Marketing for simpler times

Yes! Yes! Yes! I do want to get rid of my second home, my Range Rover, all the trappings of my super rich life. Oh, wait a minute...

Yes! Yes! Yes! I do want to get rid of my second home, my Range Rover, all the trappings of my super rich life. Oh, wait a minute… I don't have any of those things. But still a recent Harvard Business online posting by John Quelch, a professor at the school and a non-executive director at WPP Group, makes a point. There's a new consumer out there he terms the middle-aged Simplifier. She (and he does write ‘she') is ready to toss out the tangible conspicuous consumption lifestyle and embrace the ephemeral and experiential.

Quelch lists four characteristics:

  • They have more than they need and want to simplify
  • They want to collect experiences rather than stuff
  • Their stuff doesn't really define them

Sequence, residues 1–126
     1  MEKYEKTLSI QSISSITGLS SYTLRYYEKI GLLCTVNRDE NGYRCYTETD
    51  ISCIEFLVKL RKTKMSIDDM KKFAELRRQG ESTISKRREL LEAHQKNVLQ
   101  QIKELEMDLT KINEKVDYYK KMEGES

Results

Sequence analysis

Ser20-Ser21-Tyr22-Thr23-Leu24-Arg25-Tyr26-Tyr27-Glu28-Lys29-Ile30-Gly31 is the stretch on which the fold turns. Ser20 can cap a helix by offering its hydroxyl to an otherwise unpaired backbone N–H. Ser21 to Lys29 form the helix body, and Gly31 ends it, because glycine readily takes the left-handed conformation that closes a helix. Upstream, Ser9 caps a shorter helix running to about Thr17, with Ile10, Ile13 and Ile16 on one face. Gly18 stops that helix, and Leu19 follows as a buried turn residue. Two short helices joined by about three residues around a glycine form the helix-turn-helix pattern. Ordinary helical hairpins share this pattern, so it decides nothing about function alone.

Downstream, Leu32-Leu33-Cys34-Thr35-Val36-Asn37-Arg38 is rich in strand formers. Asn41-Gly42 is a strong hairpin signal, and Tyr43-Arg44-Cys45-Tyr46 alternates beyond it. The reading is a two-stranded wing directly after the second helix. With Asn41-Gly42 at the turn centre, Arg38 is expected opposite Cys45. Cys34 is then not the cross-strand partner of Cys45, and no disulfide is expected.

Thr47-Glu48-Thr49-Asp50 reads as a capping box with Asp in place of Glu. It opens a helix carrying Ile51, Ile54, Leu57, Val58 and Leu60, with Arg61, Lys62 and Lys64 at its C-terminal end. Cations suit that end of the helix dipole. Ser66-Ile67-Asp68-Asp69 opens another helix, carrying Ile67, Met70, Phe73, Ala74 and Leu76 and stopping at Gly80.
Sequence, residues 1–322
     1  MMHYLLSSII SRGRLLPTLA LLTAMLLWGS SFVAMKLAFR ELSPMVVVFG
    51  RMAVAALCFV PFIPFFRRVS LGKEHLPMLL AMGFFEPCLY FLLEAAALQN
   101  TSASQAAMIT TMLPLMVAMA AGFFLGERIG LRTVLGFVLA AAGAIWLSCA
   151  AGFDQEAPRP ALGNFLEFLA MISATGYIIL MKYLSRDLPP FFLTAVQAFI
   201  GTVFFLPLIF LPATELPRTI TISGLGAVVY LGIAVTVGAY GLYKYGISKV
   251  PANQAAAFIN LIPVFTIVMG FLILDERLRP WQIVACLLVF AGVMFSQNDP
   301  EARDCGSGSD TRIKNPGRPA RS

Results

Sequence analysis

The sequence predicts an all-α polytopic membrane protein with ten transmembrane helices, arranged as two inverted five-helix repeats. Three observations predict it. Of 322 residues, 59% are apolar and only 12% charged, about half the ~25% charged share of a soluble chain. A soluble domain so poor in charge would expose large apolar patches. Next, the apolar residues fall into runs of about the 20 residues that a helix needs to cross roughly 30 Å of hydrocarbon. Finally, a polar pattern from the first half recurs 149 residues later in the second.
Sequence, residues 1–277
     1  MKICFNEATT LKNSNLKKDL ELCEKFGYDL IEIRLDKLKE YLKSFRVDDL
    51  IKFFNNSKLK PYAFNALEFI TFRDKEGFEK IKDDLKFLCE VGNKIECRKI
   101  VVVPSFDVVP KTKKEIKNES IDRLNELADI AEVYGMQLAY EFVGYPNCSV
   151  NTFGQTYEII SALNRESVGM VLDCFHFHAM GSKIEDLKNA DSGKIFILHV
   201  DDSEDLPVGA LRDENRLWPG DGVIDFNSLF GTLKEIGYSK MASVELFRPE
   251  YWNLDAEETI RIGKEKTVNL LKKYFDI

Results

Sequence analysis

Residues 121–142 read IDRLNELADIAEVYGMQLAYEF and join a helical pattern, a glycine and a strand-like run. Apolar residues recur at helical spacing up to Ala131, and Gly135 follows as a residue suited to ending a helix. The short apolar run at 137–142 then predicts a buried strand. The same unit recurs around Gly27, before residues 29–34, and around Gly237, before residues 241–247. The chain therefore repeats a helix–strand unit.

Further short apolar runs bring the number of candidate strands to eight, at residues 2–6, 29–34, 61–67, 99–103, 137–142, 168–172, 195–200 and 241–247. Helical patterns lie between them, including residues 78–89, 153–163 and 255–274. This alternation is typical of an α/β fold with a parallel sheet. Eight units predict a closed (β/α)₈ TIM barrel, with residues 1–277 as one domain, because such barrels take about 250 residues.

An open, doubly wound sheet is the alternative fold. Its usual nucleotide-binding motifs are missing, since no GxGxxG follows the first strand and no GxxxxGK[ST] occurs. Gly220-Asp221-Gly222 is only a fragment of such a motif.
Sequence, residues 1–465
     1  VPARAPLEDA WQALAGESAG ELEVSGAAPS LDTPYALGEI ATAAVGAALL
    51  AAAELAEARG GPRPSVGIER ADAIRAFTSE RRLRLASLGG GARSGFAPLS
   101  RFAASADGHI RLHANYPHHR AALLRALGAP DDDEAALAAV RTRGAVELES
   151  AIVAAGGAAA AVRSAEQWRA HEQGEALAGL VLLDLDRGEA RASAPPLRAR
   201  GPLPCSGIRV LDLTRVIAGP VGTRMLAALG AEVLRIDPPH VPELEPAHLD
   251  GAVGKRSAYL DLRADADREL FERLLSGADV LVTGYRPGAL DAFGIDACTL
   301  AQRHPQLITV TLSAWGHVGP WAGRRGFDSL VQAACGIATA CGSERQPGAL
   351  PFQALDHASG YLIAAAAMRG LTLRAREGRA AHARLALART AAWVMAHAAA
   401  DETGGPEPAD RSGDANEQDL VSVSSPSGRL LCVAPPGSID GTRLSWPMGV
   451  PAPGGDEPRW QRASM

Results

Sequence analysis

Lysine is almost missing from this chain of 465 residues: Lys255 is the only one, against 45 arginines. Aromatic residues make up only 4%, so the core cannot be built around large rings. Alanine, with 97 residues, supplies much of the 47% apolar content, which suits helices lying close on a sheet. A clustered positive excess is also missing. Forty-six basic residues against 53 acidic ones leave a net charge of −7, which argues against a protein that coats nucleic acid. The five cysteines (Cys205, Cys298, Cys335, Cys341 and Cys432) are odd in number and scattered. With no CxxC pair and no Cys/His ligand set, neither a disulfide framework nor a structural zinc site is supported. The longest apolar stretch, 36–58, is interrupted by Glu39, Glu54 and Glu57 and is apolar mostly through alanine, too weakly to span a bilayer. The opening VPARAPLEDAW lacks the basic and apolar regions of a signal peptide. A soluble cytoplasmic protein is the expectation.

• They're really rich and don't need to show it

The first three out of the four are the characteristics Carol Orsborn and I use to describe the “actualized” boomer. You can read more about this in an excerpt from her book, Marketing to the Ultimate Power Consumer: The Baby Boomer Woman. You can be actualized or “simplify” at any age. It depends on your stage of adult development and the personal experiences that got you there.

Finally, Quelch makes a great point about marketing to the super rich who “value quality over quantity.” Their increasing reluctance to consume means marketers will need to focus their efforts on emerging markets where consumerism is still king, Quelch says. I say it also provides tremendous opportunities here at home. Check out the 1-800-GOT-JUNK Web site for franchising. Or for us marketers, focus on quality over quantity.

Eileen Marcus, senior partner, Fleishman-Hillard, and chair of FH Boom, a global practice focused on marketing to Boomers

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